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Date
07/06/2017
Title
Hebrew SeniorLife’s Susan Mitchell earns coveted NIH MERIT award
Article

BOSTON—Susan Mitchell, MD, MPH of Needham, Massachusetts has been selected by the National Advisory Council on Aging to receive The National Institute of Health’s Method to Extend Research in Time (MERIT) award in recognition of outstanding achievements as a principle investigator on National Institute of Aging (NIA) research projects.

The objective of the MERIT Award is to provide long-term, stable support to investigators whose research competence and productivity are distinctly superior and who are likely to continue to perform in an outstanding manner. The provision of long-term stable support to such investigators is expected to foster their continued creativity and spare them the administrative burdens associated with preparation and submission of full-length research grant applications. This may allow investigators the opportunity to take greater risks, be more adventurous in their lines of inquiry, or take the time to develop new techniques.

"I am extremely grateful for the generous support from the NIA over the course of my career. I am honored to receive this award. I am also deeply appreciative of my dedicated and talented research team at Hebrew SeniorLife and generous collaborators, who have enabled my work throughout the years," said Dr. Mitchell.

Dr. Mitchell is a senior Scientist at Hebrew SeniorLife’s Institute for Aging Research and Professor of Medicine at Harvard Medical School in Boston. She is a clinical epidemiologist and board certified geriatrician and internist in Canada and the United States. Dr. Mitchell's research interests focus on decision-making, health outcomes, and resource utilization for older people near the end-of-life, particularly those with dementia. She is the principal investigator on several large research projects funded by the National Institutes of Health to study the end-stages of dementia and has been a lead author on many articles in top peer-reviewed journals related to this topic.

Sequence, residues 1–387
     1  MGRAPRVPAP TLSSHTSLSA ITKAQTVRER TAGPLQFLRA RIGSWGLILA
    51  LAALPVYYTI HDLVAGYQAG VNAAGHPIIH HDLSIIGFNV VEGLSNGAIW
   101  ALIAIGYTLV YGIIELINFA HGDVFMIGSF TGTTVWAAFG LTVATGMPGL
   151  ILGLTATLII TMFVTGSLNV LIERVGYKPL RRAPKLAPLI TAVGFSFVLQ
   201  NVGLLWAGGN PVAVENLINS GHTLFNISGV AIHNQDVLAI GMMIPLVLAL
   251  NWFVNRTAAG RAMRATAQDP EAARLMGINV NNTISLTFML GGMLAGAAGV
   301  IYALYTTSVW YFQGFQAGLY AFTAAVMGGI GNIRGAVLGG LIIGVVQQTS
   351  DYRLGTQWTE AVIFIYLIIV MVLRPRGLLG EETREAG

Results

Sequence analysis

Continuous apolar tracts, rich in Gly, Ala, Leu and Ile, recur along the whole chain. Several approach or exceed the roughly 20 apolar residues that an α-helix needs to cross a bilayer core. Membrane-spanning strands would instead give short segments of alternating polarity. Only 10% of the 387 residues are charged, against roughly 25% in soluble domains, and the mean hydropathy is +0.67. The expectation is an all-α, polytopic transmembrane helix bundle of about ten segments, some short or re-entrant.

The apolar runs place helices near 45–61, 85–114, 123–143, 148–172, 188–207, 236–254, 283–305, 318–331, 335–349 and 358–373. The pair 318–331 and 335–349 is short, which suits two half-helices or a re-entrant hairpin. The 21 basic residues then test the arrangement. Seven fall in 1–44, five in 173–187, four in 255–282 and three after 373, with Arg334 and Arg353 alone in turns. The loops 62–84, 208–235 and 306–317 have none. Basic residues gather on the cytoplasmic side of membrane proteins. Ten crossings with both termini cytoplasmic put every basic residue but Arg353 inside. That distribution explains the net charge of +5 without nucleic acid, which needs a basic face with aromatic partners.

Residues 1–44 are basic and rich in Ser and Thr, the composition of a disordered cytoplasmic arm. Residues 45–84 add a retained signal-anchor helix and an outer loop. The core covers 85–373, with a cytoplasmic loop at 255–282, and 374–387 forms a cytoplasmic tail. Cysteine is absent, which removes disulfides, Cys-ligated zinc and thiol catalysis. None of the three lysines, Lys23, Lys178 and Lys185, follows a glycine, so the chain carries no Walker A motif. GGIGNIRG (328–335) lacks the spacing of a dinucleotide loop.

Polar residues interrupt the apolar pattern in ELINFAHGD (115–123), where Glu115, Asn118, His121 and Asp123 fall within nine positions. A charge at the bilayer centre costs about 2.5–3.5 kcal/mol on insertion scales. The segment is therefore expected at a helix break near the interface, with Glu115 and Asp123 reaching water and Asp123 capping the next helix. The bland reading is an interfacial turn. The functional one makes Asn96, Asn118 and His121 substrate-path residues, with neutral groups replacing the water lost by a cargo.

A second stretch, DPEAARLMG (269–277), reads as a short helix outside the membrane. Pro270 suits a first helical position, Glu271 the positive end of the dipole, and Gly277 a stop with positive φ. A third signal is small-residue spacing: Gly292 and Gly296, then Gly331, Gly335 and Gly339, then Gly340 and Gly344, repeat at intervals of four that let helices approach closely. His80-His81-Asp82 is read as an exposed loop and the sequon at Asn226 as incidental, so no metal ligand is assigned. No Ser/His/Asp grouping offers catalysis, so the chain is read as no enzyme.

Dr. Mitchell’s work has been a cornerstone in the recent decline in feeding tube use in patients with end-stage dementia. Dr. Mitchell’s work on this topic has been published in prestigious peer reviewed journals, including JAMA and has received national attention in the New York Times and several other publications.

Dr. Mitchell is active in the mentorship of young investigators and is the recipient of a NIH-NIA K24 Mid-Career Investigator Award. She is also an attending geriatrician at the Beth Israel Deaconess Medical Center.

About Institute for Aging Research

Scientists at the Institute for Aging Research seek to transform the human experience of aging by conducting research that will ensure a life of health, dignity and productivity into advanced age. The Institute carries out rigorous studies that discover the mechanisms of age-related disease and disability; lead to the prevention, treatment and cure of disease; advance the standard of care for older people; and inform public decision-making. The Aging Brain Center within IFAR studies cognitive aging and conditions affecting brain health.

About Hebrew SeniorLife

Hebrew SeniorLife, an affiliate of Harvard Medical School, is a national senior services leader uniquely dedicated to rethinking, researching and redefining the possibilities of aging. Based in Boston, the non-profit, non-sectarian organization has provided communities and health care for seniors, research into aging, and education for geriatric care providers since 1903. For more information about Hebrew SeniorLife, visit http://www.hebrewseniorlife.org, follow us on Twitter @H_SeniorLife, like us on Facebook or read our blog.

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